The bill also provides for loans by the Reconstruction Finance Corporation in reorganization, extension, or composition cases approved by the Conservator.

The bill also carries amendments to four sections of the Bankruptcy Act. A summary of the bill is attached to this report.


The subcommittee recommends that the bill be disapproved and opposed because :

The proposed machinery for correcting abuses is of doubtful value and is of a character itself to invite abuse.

Important functions of the courts are proposed to be transferred to an executive bureau under political domination.

It provides for the creation of a needless new bureau and the employment of a host of additional political appointees.

Its administration would involve needless impediments to the proper administration of cases by the courts.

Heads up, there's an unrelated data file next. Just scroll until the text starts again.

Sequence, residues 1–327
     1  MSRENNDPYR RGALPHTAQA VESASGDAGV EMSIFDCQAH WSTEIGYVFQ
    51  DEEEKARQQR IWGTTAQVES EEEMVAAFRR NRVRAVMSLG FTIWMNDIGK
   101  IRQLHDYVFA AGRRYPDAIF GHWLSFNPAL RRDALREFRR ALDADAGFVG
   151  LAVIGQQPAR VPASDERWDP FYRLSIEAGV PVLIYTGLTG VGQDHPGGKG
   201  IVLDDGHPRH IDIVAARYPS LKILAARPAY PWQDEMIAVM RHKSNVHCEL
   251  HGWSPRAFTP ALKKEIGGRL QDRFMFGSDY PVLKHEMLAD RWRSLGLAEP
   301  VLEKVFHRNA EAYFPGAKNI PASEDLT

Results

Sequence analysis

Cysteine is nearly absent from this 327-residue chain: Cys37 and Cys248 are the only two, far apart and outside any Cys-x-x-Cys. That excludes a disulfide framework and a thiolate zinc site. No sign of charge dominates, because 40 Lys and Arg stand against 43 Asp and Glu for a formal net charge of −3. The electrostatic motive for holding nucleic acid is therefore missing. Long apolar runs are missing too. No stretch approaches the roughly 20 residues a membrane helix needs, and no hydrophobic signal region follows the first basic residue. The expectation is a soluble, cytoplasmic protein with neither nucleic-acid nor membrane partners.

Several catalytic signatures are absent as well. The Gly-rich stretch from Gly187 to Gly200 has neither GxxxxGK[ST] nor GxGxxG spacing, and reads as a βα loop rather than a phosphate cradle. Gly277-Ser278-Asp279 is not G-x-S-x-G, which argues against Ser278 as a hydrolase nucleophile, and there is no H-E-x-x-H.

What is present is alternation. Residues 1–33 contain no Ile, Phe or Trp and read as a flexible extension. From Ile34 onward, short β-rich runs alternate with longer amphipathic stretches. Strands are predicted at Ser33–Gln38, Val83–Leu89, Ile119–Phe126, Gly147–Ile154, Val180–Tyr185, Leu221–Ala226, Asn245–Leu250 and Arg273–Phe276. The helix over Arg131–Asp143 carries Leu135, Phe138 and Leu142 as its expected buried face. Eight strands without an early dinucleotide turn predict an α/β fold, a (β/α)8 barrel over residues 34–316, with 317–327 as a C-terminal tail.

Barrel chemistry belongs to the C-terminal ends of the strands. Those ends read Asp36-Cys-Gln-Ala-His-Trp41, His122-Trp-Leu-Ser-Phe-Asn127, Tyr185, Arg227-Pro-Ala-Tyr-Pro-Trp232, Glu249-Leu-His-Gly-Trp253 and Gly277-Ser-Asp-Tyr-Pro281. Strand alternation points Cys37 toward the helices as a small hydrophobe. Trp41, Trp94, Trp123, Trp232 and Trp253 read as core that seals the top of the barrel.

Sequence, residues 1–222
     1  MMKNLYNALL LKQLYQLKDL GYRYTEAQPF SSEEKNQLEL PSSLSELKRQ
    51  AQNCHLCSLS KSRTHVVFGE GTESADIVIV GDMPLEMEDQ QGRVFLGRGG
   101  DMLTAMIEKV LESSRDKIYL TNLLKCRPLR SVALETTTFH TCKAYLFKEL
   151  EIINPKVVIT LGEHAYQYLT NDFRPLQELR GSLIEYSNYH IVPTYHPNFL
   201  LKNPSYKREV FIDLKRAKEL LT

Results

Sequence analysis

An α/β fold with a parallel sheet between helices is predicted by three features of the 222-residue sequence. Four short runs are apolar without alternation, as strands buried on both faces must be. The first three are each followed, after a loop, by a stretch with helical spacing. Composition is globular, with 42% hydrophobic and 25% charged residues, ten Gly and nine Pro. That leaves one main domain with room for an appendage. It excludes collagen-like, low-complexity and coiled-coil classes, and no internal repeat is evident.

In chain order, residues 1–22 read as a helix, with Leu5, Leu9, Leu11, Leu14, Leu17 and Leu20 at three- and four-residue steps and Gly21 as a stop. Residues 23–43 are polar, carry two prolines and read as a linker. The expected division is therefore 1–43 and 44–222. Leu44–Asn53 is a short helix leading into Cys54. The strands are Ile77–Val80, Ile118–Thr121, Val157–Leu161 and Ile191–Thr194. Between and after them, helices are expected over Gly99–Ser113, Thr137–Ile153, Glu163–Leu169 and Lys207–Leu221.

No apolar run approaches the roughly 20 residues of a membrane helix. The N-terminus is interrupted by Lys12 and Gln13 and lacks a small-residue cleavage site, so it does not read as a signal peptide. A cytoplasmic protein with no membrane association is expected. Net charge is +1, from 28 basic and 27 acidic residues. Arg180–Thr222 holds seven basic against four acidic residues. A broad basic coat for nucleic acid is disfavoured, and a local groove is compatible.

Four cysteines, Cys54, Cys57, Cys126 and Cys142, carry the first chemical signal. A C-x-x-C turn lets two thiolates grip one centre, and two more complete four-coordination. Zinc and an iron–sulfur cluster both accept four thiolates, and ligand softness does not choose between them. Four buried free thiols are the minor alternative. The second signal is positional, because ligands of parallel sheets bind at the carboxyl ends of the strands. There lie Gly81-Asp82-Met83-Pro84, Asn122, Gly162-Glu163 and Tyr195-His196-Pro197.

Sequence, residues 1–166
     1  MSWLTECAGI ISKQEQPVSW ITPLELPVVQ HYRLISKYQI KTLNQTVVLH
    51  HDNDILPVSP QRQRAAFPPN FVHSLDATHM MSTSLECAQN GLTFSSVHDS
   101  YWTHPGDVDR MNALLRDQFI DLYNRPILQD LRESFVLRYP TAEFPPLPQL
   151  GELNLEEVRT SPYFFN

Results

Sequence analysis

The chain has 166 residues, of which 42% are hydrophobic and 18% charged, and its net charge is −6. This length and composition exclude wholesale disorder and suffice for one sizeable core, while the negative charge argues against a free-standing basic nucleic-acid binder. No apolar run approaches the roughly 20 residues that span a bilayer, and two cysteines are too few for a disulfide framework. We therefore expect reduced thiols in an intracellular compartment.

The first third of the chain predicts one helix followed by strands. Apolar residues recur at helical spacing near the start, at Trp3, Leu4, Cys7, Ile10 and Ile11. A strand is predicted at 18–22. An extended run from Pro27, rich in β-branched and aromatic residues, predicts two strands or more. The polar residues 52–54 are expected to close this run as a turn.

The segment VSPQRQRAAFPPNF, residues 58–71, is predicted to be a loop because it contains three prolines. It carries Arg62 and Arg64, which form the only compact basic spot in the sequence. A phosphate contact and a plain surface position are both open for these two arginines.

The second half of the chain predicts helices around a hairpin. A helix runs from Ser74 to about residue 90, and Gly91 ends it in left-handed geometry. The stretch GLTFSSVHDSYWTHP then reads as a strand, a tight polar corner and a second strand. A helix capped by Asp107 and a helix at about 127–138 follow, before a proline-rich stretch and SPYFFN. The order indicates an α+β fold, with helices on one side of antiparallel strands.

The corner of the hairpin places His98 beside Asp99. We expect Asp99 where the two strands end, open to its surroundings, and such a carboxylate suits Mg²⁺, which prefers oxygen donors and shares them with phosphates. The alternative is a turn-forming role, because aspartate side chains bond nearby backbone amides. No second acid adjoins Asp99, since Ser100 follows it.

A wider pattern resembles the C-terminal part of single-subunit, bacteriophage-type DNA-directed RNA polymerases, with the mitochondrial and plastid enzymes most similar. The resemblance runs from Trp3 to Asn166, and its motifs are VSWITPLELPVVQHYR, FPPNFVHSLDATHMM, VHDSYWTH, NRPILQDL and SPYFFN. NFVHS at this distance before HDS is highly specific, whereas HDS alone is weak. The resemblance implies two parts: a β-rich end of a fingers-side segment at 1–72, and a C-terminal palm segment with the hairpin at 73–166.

Its administration would involve a waste of public funds and of the assets of creditors and stockholders in the cases affected. Respectfully submitted.


Chairman. Mr. BENNITT. The next speaker will be Mr. Allen R. Memhard.



Mr. MEMHARD. I am a member of the special committee on bankruptcy of the Bar Association of the City of New York. I also had the privilege of appearing before this committee in 1926 in connection with the amendments of that year. I shall add just a word to what has been said, if I may.

I feel that Judge Sabath's committee is to be commended for the diligence and zeal with which it has conducted its investigation, and I feel that much good will come from it.